If Obama thinks pushing out Hagel will be seen as the housecleaning many have eyed for his national security process, he'll be disappointed, says David Rothkopf.
updated 8:11 AM EST, Tue November 25, 2014
The decision by the St. Louis County prosecuting attorney to announce the Ferguson grand jury decision at night was dangerous, says Jeff Toobin.
updated 3:57 AM EST, Tue November 25, 2014
China's influence in Latin America is nothing new. Beijing has a voracious appetite for natural resources and deep pockets, says Frida Ghitis.
updated 4:51 PM EST, Mon November 24, 2014
Iranian President Hassan Rouhani speaks during a press conference in the capital Tehran on June 14, 2014.
The decision to extend the deadline for talks over Iran's nuclear program doesn't change Tehran's dubious history on the issue, writes Michael Rubin.
updated 2:25 PM EST, Fri November 21, 2014
Maria Cardona says Republicans should appreciate President Obama's executive action on immigration.
updated 7:44 AM EST, Fri November 21, 2014
Van Jones says the Hunger Games is a more sweeping critique of wealth inequality than Elizabeth Warren's speech.
updated 6:29 PM EST, Thu November 20, 2014
obama immigration
David Gergen: It's deeply troubling to grant legal safe haven to unauthorized immigrants by executive order.
updated 8:34 PM EST, Thu November 20, 2014
Charles Kaiser recalls a four-hour lunch that offered insight into the famed director's genius.
updated 3:12 PM EST, Thu November 20, 2014
The plan by President Obama to provide legal status to millions of undocumented adults living in the U.S. leaves Republicans in a political quandary.
updated 10:13 PM EST, Thu November 20, 2014
Despite criticism from those on the right, Obama's expected immigration plans won't make much difference to deportation numbers, says Ruben Navarette.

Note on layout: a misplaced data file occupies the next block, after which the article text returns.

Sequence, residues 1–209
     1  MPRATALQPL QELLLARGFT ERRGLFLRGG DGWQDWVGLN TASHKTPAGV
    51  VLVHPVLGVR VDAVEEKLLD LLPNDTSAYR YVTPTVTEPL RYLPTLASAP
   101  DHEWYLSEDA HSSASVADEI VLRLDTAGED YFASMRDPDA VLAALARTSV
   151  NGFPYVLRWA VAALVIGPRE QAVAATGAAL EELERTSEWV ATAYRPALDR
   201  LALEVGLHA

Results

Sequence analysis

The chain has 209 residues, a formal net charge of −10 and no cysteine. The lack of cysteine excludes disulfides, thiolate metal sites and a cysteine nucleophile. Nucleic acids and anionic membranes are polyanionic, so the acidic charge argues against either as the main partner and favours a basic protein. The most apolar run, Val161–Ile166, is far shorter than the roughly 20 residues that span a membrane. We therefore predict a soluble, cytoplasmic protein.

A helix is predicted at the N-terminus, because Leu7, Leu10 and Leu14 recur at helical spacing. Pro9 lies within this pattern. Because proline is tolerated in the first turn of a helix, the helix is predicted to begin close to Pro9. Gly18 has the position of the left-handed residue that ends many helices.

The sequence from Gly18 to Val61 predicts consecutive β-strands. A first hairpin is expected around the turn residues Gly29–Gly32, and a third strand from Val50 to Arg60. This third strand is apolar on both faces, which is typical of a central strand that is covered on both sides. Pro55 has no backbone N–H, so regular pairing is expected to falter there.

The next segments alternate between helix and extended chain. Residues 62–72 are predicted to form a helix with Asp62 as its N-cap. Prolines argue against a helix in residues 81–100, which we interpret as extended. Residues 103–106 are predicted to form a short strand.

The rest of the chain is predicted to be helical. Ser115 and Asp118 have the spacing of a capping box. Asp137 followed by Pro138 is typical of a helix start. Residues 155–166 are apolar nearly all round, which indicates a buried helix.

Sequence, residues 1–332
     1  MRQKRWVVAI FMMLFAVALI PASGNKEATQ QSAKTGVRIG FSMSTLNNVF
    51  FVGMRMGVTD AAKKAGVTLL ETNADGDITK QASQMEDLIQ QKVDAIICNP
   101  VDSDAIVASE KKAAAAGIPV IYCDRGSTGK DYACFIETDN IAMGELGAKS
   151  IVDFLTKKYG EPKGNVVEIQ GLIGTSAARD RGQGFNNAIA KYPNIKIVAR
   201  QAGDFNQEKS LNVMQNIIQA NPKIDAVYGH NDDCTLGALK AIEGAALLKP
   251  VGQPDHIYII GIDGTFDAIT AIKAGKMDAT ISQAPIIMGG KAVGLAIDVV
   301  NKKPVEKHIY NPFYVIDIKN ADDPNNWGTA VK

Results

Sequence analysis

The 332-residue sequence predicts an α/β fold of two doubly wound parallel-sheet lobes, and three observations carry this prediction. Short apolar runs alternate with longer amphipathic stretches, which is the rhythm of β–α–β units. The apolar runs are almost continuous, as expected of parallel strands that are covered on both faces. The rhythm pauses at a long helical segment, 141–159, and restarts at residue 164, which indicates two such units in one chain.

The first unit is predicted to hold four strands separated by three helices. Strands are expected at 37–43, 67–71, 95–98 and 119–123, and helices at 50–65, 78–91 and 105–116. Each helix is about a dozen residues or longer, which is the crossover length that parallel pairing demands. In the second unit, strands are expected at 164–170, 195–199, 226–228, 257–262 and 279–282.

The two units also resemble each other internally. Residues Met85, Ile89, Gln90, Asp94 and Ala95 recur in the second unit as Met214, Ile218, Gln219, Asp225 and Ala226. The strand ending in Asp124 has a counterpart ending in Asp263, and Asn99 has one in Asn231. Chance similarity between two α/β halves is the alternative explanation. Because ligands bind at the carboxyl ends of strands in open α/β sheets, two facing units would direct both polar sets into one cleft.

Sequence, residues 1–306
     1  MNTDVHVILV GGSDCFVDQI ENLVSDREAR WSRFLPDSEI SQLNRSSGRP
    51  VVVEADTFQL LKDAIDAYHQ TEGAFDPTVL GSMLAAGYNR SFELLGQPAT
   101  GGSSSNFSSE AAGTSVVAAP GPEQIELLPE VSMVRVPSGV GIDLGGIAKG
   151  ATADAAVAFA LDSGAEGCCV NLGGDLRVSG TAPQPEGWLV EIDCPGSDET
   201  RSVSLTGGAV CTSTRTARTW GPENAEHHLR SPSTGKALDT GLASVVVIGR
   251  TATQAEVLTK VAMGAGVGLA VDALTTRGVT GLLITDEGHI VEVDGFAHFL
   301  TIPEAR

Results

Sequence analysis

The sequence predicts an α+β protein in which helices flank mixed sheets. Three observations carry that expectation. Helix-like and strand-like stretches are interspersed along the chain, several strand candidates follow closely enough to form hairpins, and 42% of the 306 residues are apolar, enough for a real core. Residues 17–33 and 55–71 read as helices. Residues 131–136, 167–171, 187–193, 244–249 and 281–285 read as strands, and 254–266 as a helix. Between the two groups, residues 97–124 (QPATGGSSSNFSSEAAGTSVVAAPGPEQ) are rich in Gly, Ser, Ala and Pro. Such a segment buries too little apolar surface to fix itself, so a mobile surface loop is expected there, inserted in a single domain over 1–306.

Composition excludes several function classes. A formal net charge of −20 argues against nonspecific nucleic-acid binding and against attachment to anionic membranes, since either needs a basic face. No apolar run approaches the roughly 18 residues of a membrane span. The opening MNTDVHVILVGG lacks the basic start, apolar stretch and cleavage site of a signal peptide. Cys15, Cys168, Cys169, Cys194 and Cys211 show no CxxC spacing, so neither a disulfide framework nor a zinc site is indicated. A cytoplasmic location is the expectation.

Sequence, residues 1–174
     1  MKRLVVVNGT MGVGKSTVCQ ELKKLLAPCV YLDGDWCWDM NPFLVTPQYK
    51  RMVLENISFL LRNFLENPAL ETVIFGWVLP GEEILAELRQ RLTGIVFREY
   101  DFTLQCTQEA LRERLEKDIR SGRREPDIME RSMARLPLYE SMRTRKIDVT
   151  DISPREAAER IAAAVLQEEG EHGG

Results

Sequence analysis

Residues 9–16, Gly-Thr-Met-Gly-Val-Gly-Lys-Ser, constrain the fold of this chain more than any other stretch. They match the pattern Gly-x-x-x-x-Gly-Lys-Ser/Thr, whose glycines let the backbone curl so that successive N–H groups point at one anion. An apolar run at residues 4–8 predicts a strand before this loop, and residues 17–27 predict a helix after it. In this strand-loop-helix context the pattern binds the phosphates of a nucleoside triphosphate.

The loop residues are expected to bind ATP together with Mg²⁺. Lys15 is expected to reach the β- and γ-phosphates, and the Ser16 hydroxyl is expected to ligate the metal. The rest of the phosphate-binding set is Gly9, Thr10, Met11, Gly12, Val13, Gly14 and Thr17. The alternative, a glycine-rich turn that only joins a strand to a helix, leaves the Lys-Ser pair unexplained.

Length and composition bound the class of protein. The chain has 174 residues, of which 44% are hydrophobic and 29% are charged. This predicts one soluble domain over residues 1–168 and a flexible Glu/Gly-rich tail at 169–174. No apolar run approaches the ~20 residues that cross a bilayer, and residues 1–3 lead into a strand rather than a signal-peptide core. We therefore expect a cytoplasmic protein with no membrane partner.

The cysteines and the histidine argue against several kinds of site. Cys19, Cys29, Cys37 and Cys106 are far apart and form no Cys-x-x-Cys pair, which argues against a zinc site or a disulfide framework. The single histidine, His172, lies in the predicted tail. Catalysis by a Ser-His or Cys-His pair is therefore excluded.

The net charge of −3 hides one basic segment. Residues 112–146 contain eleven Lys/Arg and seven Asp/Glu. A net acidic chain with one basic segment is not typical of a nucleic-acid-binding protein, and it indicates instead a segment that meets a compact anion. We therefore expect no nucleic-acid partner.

updated 8:21 PM EST, Thu November 20, 2014
As new information and accusers against Bill Cosby are brought to light, we are reminded of an unshakable feature of American life: rape culture.
updated 5:56 PM EST, Thu November 20, 2014
When black people protest against police violence in Ferguson, Missouri, they're thought of as a "mob."
updated 3:11 PM EST, Wed November 19, 2014
Lost in much of the coverage of ISIS brutality is how successful the group has been at attracting other groups, says Peter Bergen.
updated 8:45 AM EST, Wed November 19, 2014
Do recent developments mean that full legalization of pot is inevitable? Not necessarily, but one would hope so, says Jeffrey Miron.
updated 8:19 AM EST, Wed November 19, 2014
We don't know what Bill Cosby did or did not do, but these allegations should not be easily dismissed, says Leslie Morgan Steiner.
updated 10:19 AM EST, Wed November 19, 2014
Does Palestinian leader Mahmoud Abbas have the influence to bring stability to Jerusalem?
updated 12:59 PM EST, Wed November 19, 2014
Even though there are far fewer people being stopped, does continued use of "broken windows" strategy mean minorities are still the target of undue police enforcement?
updated 9:58 PM EST, Mon November 17, 2014
The truth is, we ran away from the best progressive persuasion voice in our times because the ghost of our country's original sin still haunts us, writes Cornell Belcher.
updated 4:41 PM EST, Tue November 18, 2014
Children living in the Syrian city of Aleppo watch the sky. Not for signs of winter's approach, although the cold winds are already blowing, but for barrel bombs.
updated 8:21 AM EST, Mon November 17, 2014
We're stuck in a kind of Middle East Bermuda Triangle where messy outcomes are more likely than neat solutions, says Aaron David Miller.
updated 7:16 AM EST, Mon November 17, 2014
In the midst of the fight against Islamist rebels seeking to turn the clock back, a Kurdish region in Syria has approved a law ordering equality for women. Take that, ISIS!
updated 11:07 PM EST, Sun November 16, 2014
Ruben Navarrette says President Obama would be justified in acting on his own to limit deportations
ADVERTISEMENT
ADVERTISEMENT
ADVERTISEMENT
ADVERTISEMENT